On May 8th, Vermont became the most recent state to amend its security breach notification law (9 V.S.A. §§ 2430 and 2435).  The primary changes to Vermont’s security breach notification law are as follows:


  • The amendment adds factors to consider when determining whether personally identifiable information has been acquired or is reasonably believed to have been acquired by an unauthorized person, including indications that the information: (i) is in the physical possession and control of a person without valid authorization, (ii) has been downloaded or copied, (iii) was used by an unauthorized person, or (iv) has been made public.  (§ 2430(8)(C))
  • The law’s notification requirements were previously triggered by either unauthorized acquisition or access of personally identifiable information.  As amended, the requirements are only triggered by unauthorized “acquisition.”  At first blush, one might think this means that if data were merely accessed remotely from a Web site but not actually taken possession of, the law’s requirements are not triggered.  However, as discussed above, the amendment also adds four factors to be considered in determining whether there has been an unauthorized acquisition. One of those factors is whether the information has “been made public.”  Accordingly, this factor should be taken into consideration when interpreting the word “acquisition” in the amended law. (§ 2430(8)(A))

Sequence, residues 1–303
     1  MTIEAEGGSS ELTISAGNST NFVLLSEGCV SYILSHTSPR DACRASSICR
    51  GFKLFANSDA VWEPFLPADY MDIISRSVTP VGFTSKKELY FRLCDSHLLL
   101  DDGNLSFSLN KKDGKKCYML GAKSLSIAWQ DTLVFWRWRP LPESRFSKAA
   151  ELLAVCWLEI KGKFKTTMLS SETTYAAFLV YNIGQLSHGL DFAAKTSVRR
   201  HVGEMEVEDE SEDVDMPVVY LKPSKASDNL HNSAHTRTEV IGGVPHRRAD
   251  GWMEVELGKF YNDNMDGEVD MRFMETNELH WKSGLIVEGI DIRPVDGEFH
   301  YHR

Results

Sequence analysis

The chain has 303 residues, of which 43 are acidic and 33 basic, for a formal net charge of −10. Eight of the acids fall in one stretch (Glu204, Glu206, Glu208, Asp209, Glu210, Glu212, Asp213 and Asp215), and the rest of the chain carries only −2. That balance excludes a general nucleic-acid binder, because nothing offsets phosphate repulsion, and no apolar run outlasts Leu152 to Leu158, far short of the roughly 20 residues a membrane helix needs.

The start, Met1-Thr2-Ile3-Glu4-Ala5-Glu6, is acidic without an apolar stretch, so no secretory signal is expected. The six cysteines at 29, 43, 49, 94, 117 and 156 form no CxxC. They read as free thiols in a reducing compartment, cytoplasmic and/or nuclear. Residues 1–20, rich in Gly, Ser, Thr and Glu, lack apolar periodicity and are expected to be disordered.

• Prior to the amendment, companies were required to notify consumers affected by a security breach in the most expedient time possible and without unreasonable delay.  This is still required, but the amendment adds that consumers must be notified, in any event, no later than 45 days after discovery or notification of the breach. (§ 2435(b)(1))
  • Companies are required to notify the Attorney General of Vermont within 14 business days of the company’s discovery of the breach or when the company provides notice to consumers, whichever is earlier.  The notice to the Attorney General must include the date of the breach and of its discovery, and a preliminary description of the breach. There were no such obligations previously.  The information provided to the Attorney General pursuant to this requirement will not be made public.  As an exception to this preliminary notification requirement, companies that have certified in advance to the Attorney General that they maintain written policies and procedures to maintain the security of personally identifiable information and respond to a breach in a manner consistent with Vermont law are exempt from this preliminary notification requirement; instead, they must provide this notification to the Attorney General at any time prior to notifying consumers.  (§ 2435(b)(3)(A)(i))
  • When notifying Vermont consumers affected by a security breach, companies must provide an additional notice to the Attorney General of Vermont which includes the number of Vermont consumers affected (if known) and a copy of the notice provided to affected consumers.  The information provided to the Attorney General pursuant to this requirement will be made public, and, as such, we recommend that the company also provide a second copy of the letter with the types of personally identifiable information involved redacted. This second copy will be used by the Attorney General’s office for public disclosure purposes.  (§ 2435(b)(3)(B)(i) and (ii))
  • The notice letter that must be sent to affected consumers must now include the approximate date of the incident, in addition to the other information that was required by the law before it was amended.  (§ 2430(b)(5)(F))   
  • Finally, as a result of the amendment, a toll-free number is no longer required to be included in the notice letter to consumers unless one is available. (§ 2430(b)(5)(D))